At some point all lawyers ask themselves, “Why did I accept that client in the first place?” Effectively screening prospective clients for red flags is perhaps the single most important tool for avoiding later fee disputes, malpractice claims, and ethics complaints. Making the following considerations part of evaluating new clients and matters will greatly reduce your risk, and lead to a more satisfying, less aggravating practice.
Consider the following for new matters: Have all appropriate entities/ individuals been checked for conflicts? Did the conflicts report disclose any actual or potential conflicts? Is proposed joint representation possible with informed written consent? Might the representation require taking positions on issues that are contrary to the positions of other clients?
Compatibility With Practice And Resources
Ask yourself: Is this matter within your present areas of expertise? If not, can you educate yourself promptly enough to handle it competently? Will the matter require time or special logistical or technical capabilities you presently lack?
Consider whether the following factors are positive, negative, or neutral in deciding whether to accept the prospective client: relationship and experience with prior and current attorneys (changing lawyers on this matter; suits against lawyers; references checked); relationship with other professionals (references checked); personality (motivation for using your services; reasonableness of expectations; degree of patience; insistence on controlling details of the representation); background and behavior (alcohol or drug abuse; excessive gambling; history of personal legal problems); business background (employment history; experience in the business involved or similar businesses); whether there will be any relationship other than that of attorney-client (officer/director/partner in the client’s organization; business transaction with or investing in the client; helping the client find funding sources or third parties to do business with); risk of claims against you by third parties (claimed third party beneficiaries; government entities like the SEC/FDIC; risk of sanctions or malicious prosecution claims); and your gut reaction (comfortable with the prospective client; willingness to follow advice).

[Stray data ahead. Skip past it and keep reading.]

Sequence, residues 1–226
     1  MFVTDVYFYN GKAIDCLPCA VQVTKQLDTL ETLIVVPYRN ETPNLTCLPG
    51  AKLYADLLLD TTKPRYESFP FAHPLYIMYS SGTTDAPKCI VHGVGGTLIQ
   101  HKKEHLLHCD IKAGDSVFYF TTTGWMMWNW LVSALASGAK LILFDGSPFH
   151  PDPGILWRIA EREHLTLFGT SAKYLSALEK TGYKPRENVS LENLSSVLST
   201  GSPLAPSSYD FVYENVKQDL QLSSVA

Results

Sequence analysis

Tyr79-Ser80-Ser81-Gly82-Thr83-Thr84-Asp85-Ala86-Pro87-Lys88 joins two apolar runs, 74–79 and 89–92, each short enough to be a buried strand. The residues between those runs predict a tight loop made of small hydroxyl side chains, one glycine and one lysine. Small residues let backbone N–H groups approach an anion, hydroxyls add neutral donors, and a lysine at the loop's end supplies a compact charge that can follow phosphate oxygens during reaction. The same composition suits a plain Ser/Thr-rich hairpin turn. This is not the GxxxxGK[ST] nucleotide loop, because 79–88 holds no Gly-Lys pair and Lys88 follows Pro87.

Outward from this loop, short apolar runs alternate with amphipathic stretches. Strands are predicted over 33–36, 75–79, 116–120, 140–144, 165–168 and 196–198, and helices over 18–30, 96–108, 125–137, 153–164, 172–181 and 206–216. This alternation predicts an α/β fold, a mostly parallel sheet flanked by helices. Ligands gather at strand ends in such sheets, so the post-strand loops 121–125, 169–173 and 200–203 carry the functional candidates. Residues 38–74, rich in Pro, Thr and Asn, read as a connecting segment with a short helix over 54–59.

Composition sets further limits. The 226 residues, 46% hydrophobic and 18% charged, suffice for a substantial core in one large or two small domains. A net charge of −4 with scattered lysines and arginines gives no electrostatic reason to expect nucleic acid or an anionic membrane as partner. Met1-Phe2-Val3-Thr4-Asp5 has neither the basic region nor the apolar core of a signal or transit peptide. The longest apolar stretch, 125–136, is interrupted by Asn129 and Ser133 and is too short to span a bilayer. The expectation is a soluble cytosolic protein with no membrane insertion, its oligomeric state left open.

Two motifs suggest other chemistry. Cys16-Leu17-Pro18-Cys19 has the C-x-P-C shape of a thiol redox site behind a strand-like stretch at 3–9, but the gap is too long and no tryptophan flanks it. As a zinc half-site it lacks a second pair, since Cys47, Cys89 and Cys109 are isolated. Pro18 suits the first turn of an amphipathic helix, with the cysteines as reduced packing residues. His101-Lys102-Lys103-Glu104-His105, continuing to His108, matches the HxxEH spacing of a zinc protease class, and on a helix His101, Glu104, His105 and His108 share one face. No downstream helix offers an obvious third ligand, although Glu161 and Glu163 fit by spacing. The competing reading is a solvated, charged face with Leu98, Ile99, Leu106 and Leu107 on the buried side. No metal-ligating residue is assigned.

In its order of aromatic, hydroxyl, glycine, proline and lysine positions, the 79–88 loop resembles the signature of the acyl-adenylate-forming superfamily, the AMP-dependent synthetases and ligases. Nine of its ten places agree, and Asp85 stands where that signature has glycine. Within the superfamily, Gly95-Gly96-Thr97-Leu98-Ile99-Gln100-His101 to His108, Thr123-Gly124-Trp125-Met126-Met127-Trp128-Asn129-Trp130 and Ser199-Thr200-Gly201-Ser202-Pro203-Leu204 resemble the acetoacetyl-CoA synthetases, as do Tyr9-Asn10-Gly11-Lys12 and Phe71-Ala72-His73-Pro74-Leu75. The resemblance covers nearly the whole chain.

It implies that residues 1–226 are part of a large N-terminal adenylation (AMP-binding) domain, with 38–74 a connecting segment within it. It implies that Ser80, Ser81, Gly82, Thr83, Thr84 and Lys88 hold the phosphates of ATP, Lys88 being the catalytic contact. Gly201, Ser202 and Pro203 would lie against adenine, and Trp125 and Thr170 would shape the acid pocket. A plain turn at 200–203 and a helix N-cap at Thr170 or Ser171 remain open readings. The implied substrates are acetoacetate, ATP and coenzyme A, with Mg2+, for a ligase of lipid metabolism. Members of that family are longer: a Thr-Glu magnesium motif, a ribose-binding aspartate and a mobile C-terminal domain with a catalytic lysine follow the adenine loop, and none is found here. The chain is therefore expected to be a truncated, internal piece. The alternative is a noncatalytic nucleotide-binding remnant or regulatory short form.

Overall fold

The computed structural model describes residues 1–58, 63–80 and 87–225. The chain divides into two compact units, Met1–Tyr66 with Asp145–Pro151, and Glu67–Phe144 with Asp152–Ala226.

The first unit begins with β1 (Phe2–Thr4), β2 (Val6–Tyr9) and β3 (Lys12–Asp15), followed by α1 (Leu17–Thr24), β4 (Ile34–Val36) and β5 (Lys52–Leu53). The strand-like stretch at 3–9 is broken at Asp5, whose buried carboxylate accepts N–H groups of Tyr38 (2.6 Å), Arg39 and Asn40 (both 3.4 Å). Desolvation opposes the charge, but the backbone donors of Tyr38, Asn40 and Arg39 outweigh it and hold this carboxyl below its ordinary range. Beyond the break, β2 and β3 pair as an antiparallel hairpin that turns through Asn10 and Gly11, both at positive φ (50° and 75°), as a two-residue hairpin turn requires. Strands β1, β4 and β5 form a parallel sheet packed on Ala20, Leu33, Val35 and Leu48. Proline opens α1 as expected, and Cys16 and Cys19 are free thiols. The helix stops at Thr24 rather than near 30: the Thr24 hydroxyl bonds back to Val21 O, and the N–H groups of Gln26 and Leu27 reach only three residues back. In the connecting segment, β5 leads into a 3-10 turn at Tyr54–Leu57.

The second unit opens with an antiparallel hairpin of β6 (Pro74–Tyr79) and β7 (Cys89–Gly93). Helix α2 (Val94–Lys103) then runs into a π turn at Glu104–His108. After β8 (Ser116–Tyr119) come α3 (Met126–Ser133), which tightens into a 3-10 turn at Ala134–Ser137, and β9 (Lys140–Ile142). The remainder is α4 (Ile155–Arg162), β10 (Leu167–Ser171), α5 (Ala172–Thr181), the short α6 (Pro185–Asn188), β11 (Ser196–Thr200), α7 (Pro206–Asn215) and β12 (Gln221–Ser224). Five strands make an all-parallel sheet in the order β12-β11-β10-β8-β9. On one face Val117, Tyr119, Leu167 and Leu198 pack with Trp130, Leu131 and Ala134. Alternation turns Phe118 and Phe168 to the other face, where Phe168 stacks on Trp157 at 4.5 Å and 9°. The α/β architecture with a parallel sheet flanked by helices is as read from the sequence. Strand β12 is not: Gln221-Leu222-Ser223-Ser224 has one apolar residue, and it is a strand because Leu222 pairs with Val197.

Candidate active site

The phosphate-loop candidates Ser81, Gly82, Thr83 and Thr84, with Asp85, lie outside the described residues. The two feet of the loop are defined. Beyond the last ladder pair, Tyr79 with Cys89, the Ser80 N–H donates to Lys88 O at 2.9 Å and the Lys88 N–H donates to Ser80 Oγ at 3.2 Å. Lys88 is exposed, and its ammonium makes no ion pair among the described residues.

Consider: the range of fees and costs you expect the matter to generate; ability to pay those fees and costs; ability to post an adequate retainer/deposit; business reputation and financial status (from credit report, Best’s Reports, Dunn & Bradstreet, Standard & Poor’s); and outstanding judgments or bankruptcies. A simple Google search may provide a wealth of relevant information.
For existing clients, consider whether outstanding bills have been written off and the client’s history of accounts receivable.
Other financial considerations include: the fee arrangement (hourly/rates, contingency, fixed fee); need for retainer/ deposit (amount, one time, replenishing); client’s reaction to proposed payment arrangement; in contingency cases estimate the amount of likely recovery, the time to conclude the matter, and the likelihood of obtaining no monetary recovery); and whether the matter appears to be a one-time representation or may develop into an on-going relationship.
Regularly considering these factors (and requiring other lawyers in your firm to do the same) will reduce the risk of taking on clients who are the most likely to trigger fee disputes, malpractice claims, and ethics complaints. When in doubt, trust your gut reaction; if a prospective client gives you a bad feeling, err on the side caution by tactfully declining the case.
– By Daniel W. Hager, Corporate Counsel, AHERN Insurance Brokerage
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